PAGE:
Wednesday, September 13, 2006

Bush is destroying unity?

Jason at Texas Rainmaker has an excellent "Dems then and now" post that would make the king of flip-flops himself blush. Then again, said king (Jean-Francois Heinz-Kerry, who is rumored to have served in Vietnam) found himself in the notable quotables, too. From Texas Rainmaker:
But then politics got in the way. Democrats realized that they weren’t the party in power and decided it was more important to win political power than win the war of our generation. So they blamed Bush for bad intelligence, despite having once touted the same intelligence. They claimed Iraq was a diversion from the war on terror, despite having previously declared Saddam a supporter of terrorists. They played Monday morning quarterback once WMDs didn’t materialize, despite having told us repeatedly throughout the 1990s that they existed. They attack Bush for not having capture bin Laden, despite having let him go on multiple occasions prior to 9/11.

Think I’m wrong? Examine the positions of the following people… then and now.

Jay Rockefeller - Then:

“September 11 has forever changed the world. We may not like it, but that is the world in which we live. When there is a grave threat to Americans’ lives, we have a responsibility to take action to prevent it.”

I have come to the inescapable conclusion that the threat posed to America by Saddam’s weapons of mass destruction is so serious that despite the risks — and we should not minimize the risks — we must authorize the President to take the necessary steps to deal with that threat.

Jay Rockefeller - Now:

“…[T]he administration ignored warnings prior to the war about the veracity of the intelligence trumpeted publicly to support its case that Iraq was an imminent threat to the security of the United States.”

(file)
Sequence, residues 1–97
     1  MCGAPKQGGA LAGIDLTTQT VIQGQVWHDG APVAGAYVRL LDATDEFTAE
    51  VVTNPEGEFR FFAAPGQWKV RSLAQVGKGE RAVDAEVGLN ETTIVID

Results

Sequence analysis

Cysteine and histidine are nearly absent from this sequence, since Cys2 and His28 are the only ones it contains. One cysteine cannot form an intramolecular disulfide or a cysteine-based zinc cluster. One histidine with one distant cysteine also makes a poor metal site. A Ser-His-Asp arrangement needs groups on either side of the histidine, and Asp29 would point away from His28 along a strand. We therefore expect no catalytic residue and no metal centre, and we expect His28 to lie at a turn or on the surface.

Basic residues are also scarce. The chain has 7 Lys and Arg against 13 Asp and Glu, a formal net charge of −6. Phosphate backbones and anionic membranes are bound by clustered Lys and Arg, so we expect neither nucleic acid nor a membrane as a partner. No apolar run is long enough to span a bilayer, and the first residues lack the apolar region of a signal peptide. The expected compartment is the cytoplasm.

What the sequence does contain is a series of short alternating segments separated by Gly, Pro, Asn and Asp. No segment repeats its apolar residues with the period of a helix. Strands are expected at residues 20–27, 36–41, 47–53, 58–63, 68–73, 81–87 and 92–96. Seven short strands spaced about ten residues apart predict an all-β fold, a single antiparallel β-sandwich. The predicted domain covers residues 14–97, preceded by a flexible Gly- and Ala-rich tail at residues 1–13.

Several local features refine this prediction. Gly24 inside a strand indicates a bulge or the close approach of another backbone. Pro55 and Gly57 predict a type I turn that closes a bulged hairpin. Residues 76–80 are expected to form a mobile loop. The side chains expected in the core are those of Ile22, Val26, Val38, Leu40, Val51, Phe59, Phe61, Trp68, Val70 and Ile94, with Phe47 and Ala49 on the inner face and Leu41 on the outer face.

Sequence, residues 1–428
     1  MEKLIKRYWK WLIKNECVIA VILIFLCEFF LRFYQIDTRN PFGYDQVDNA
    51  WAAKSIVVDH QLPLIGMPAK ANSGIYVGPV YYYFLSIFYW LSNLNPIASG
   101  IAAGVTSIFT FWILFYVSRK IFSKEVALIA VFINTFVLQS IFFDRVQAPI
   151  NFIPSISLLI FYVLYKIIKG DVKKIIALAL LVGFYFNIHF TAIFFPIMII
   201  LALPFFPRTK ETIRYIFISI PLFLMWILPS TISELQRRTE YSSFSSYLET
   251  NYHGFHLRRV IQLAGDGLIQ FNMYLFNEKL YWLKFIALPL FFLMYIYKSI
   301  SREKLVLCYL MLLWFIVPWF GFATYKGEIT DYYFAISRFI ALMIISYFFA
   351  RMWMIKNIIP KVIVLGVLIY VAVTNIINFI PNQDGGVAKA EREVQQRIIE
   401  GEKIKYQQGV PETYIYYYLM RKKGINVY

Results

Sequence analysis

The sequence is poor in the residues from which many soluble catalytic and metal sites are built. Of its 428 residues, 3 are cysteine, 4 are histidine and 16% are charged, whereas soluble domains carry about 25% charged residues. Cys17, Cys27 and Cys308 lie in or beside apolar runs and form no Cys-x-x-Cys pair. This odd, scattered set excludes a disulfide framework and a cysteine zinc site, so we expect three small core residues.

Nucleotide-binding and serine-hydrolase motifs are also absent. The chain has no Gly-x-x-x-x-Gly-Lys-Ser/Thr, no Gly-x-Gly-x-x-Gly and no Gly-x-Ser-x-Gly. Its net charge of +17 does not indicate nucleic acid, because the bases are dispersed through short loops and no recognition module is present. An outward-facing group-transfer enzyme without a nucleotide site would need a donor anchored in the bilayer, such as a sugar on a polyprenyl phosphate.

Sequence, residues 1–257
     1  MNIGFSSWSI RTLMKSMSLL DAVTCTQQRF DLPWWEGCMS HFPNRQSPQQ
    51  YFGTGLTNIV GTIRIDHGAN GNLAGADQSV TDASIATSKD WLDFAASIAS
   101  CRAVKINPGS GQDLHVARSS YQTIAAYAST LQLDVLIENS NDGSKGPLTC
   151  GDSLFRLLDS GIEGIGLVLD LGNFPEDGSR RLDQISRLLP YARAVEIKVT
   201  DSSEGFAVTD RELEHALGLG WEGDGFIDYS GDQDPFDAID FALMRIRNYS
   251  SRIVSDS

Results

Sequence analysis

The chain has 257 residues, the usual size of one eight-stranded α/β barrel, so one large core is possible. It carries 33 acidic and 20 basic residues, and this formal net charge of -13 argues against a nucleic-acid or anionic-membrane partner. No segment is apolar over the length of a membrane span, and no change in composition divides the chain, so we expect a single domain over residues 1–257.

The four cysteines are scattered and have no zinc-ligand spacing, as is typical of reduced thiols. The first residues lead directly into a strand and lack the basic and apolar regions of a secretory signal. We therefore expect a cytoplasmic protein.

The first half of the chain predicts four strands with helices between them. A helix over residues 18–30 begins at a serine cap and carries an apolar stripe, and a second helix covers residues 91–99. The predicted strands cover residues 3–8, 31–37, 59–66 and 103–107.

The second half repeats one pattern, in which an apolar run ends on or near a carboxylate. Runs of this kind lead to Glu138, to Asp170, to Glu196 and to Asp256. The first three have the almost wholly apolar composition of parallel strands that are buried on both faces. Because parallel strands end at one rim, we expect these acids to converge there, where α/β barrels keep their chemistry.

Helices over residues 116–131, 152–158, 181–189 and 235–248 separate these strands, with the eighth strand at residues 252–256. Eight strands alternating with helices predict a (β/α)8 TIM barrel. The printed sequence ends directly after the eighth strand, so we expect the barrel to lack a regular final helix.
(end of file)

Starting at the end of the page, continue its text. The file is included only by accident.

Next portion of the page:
“The world would be better off with Saddam in power.”

John Kerry - Then:

“The threat of Saddam Hussein with weapons of mass destruction is real, but as I said, it is not new.

John Kerry - Now:

“Let’s be clear, Mr. President, let’s be clear, my fellow Americans: There is no question that Americans were misled into the war in Iraq. Simply put, they were told that Saddam Hussein had weapons of mass destruction when he did not.” (They WERE told that, Monsieur YOU! - Ed.)

Nancy Pelosi - Then:

“Others have talked about the threat posed by Saddam Hussein. Yes, he has chemical weapons, he has biological weapons, and he is trying to get nuclear weapons. There is a threat not only from Iraq, but from other countries of concern in the past.”

Nancy Pelosi - Now:

“During the debate on the war almost four years ago, I was the senior Democrat on the House Intelligence Committee and I saw all the intelligence. My statement then was that, ‘I will not vote for this war because the intelligence does not support the threat being claimed by the Bush Administration.’ I am proud to say that 60 percent of House Democrats voted against going to war. Whether there was faulty intelligence or not, there was never anything in the intelligence that said that Iraq posed an imminent threat to the United States. Never.

Howard Dean - Then:

“There’s no question that Saddam Hussein is a threat to the United States and to our allies.”

Howard Dean - Now:

“Saddam Hussein was never a threat to the United States.”

Harry Reid - Then:

“Saddam Hussein, in effect, has thumbed his nose at the world community. And I think that the president’s approaching this in the right fashion.”

Harry Reid - Now:

“…the Bush Administration manipulated and cherry-picked intelligence to hype the threat.”

So Iraq appears to be central to this destruction of astonishing unity. Now ask yourself whose position on Iraq has changed since that moment of astonishing unity. And whose position has remained constant?
You won't find this in the MSM, so you instead have to rely on Al Gore's invention to get analysis like this.